CalDigit's TS3 Plus has been our long-running top pick for a docking station. Still, its awesome performance is restricted to use with laptops that have Thunderbolt 3 capabilities. Now CalDigit has created the USB-C Pro Dock, opening up a lot of the same features and perks to laptops with standard USB-C connectivity, as well as holding onto Thunderbolt 3 compatibility. I've been using it at my desk to see how well it works and whether or not it's worth the price.
Bottom line: You get fewer ports than with the TS3 Plus, but the USB-C Pro Dock will work with more devices and will still deliver superb performance.
- Removable host cable
- Up to 85W charging
- Durable aluminum build
- Excellent port selection and performance
- More affordable than CalDigit's TS3 Plus
- No downstream Thunderbolt 3
- Fewer overall ports than TS3 Plus
- No vertical orientation option
What I love about CalDigit's USB-C Pro Dock
The USB-C Pro Dock is made from a substantial chunk of aluminum, with grooves on the sides to help dissipate heat and give it a bit of flair. The front and rear edges housing the ports are plastic, so it's not wholly metal like the TS3 Plus, but it still feels durable. Standing it up vertically isn't an option; there are four rubber anti-slip feet on the bottom of the dock to keep it from sliding around when ports are full. To set things up, all you have to do is connect the dock to the power supply and connect a compatible device with the removable host cable that measures 2.3 feet (0.7 meters). You can connect the dock with a USB-A port on the host device, but you'll be limited to using USB ports, SD card reader, Ethernet, and audio ports. No display or charging support will be available.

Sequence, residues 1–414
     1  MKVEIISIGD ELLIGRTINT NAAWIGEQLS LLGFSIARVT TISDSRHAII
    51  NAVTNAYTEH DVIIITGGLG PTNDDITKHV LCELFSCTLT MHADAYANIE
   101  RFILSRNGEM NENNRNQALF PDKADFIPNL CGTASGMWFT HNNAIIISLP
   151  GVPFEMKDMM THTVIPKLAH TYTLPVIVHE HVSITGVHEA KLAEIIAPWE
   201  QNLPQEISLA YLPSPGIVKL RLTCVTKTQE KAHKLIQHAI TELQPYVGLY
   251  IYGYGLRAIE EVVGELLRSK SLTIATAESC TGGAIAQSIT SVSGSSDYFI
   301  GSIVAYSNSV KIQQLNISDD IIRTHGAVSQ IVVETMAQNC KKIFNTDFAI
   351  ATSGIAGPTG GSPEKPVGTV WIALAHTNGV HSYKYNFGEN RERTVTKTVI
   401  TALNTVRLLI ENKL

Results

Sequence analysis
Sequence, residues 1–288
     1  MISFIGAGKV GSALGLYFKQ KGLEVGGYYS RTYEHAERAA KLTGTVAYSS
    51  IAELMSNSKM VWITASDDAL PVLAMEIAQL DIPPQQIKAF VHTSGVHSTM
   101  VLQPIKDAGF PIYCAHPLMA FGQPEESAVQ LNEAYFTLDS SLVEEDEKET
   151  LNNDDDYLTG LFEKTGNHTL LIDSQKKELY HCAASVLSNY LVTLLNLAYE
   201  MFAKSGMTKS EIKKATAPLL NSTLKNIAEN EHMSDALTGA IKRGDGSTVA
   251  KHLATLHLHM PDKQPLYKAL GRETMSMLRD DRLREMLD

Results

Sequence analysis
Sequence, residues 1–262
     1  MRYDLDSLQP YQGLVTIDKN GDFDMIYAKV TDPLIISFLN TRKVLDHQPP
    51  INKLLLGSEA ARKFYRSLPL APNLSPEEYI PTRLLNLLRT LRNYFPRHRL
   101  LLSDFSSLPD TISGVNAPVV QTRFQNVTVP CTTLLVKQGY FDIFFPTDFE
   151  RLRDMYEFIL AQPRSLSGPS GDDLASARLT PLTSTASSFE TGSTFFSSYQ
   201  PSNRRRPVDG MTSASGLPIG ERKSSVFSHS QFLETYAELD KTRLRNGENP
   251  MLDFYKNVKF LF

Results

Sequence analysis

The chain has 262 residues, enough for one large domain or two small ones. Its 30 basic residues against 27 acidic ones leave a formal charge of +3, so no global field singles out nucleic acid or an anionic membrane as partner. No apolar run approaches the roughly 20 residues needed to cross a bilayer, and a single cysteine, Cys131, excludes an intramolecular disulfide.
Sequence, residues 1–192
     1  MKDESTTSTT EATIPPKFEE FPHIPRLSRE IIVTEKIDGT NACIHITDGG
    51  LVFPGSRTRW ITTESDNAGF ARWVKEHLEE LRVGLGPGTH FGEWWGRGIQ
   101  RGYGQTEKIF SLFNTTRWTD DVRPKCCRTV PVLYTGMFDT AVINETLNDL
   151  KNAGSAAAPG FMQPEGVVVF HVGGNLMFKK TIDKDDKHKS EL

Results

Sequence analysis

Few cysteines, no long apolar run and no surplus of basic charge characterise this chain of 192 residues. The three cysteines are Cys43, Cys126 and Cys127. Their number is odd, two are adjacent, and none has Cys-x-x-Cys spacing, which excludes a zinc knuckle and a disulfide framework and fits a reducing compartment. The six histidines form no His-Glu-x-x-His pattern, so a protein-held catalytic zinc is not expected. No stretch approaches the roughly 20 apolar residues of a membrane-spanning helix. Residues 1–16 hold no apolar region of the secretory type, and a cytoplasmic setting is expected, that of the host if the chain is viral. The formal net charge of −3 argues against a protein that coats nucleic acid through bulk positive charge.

|Ports||Thunderbolt 3/USB-C (Host)|
Two DisplayPort 1.2
Three USB-A 3.2 (Gen 1)
SD card reader (UHS-II)
|Max display res||Thunderbolt 3:|
Dual 4K @ 60Hz
Single 4K @ 30Hz
|Power delivery||Up to 85W|
|Dimensions||8.43 x 3.15 x 0.98 inches|
(214mm x 80mm x 25mm)
|Weight||0.93 pounds (0.42kg)|
The rear edge of the dock includes the lone Thunderbolt 3 (USB-C) port that is used to connect to the host device. Also on the back is a plug for the AC adapter, dual DisplayPort 1.2 for video out, dual USB-A 3.2, and Ethernet. Testing with a voltage and amperage meter, the rear USB-A ports offer 7.5W of charging, while the lone USB-A port on the front delivers 5W of charging. The front of the dock also includes USB-C 3.2 (data only), a UHS-II SD card reader, and a 3.5mm jack for use with headsets (mic and audio).
I tested the SD card reader with a Lexar Professional 1000x UHS-II card using a 10Gbps USB-C host and a 40Gbps Thunderbolt 3 host. I got back an average read speed of 150MB/s and write speed of 89MB/s with both devices. I also tested a solid-state drive (SSD) performance with CalDigit's Tuff nano. The dock connected to a Thunderbolt 3 host was nearly able to max out the drive's performance at 1,000MB/s read, and 900MB/s write speeds. Testing with the dock connected with 10Gbps USB-C, read and write speeds were slightly lower but still impressive. Note that devices with a 5Gbps USB-C port (like the Surface Go) will see a performance from the likes of a speedy external SSD cut in half.